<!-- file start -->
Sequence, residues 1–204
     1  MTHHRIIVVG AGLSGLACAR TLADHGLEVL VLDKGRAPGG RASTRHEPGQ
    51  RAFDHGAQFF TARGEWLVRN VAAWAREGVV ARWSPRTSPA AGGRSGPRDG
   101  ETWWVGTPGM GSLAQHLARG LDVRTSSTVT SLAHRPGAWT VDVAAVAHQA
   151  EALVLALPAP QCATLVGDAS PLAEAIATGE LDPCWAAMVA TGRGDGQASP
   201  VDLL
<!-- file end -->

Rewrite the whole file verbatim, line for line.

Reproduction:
Sequence, residues 1–204
     1  MTHHRIIVVG AGLSGLACAR TLADHGLEVL VLDKGRAPGG RASTRHEPGQ
    51  RAFDHGAQFF TARGEWLVRN VAAWAREGVV ARWSPRTSPA AGGRSGPRDG
   101  ETWWVGTPGM GSLAQHLARG LDVRTSSTVT SLAHRPGAWT VDVAAVAHQA
   151  EALVLALPAP QCATLVGDAS PLAEAIATGE LDPCWAAMVA TGRGDGQASP
   201  VDLL